By Cnaan Liphshiz
The ancestry of the son of a Jewish refugee in the Democratic Republic of Congo has emerged as a flashpoint for a political crisis that is threatening the integrity of the massive African country.
The crisis came to a head last week when lawmakers loyal to President Felix Tshiseked introduced a bill that would restrict the presidency to those with two Congolese parents.
It’s a thinly veiled move against Moise Katumbi, one of Congo’s most popular politicians, whose father was a Greek Jew who fled the Holocaust in Europe and settled in Congo, where he married a local woman, Katumbi’s mother.
A vote on the bill has not been scheduled, but the measure is already angering Katumbi’s large supporter base and raising fears of a return to political violence in Congo. Rivalries and interethnic hostility have triggered human tragedies on a massive scale in the land of 5.4 million people.
Rabbi Menachem Margolin, chairman of the European Jewish Association and an ally of Katumbi, condemned the bill, saying it’s “an outrage that in 2021 a person can be disqualified for having a Jewish parent.”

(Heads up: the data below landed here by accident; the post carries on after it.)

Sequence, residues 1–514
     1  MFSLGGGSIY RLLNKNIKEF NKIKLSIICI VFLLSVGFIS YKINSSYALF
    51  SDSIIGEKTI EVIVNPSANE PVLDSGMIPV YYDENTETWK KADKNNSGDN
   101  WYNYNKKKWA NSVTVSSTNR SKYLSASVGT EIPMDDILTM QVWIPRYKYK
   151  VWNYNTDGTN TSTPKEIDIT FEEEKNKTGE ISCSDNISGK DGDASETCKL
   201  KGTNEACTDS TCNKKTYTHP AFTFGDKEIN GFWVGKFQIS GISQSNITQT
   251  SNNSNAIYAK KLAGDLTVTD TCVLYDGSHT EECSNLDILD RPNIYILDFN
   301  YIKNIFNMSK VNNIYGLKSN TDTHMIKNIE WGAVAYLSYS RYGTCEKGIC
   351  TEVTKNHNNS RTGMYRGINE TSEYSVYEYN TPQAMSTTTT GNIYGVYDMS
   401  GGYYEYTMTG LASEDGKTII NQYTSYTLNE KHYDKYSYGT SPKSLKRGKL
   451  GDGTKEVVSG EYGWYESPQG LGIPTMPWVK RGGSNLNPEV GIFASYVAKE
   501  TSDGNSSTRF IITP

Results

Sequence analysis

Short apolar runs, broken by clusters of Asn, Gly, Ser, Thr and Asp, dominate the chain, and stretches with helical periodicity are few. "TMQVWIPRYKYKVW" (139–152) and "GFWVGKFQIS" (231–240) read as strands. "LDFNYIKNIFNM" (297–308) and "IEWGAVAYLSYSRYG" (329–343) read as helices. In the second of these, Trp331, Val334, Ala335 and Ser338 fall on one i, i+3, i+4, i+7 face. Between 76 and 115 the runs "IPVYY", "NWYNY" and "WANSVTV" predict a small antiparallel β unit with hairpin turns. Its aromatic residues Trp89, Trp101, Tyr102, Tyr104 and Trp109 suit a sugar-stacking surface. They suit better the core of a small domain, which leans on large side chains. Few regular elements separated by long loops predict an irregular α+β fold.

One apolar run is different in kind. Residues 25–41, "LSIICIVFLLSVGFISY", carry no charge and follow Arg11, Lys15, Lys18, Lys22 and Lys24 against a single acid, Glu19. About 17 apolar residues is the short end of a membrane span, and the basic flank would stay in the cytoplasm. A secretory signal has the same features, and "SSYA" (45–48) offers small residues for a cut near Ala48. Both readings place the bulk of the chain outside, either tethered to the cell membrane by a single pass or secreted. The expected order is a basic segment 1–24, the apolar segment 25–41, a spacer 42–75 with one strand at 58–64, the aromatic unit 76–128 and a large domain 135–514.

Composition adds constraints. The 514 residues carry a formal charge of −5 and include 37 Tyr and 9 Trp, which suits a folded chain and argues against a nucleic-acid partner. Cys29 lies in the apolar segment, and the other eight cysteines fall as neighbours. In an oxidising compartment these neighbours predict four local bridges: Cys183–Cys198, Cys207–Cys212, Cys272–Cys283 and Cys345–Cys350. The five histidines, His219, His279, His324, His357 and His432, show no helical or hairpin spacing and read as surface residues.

Complicating matters further is the fact that Katumbi hails from the province of Katanga, a mineral-rich area in the country’s east with a history of secessionism that he served as governor. The attempt to block Katumbi’s path to the presidency is rekindling secessionist tendencies there.
On Monday, 10 great chiefs — community leaders wielding significant followings, influence and money — threatened to support secession if the bill is passed. The U.N. peacekeeping mission head in Congo, Bintou Keita, in connection with the crisis warned last week against the “dangerous consequences of a divisive debate about nationality,” Reuters reported.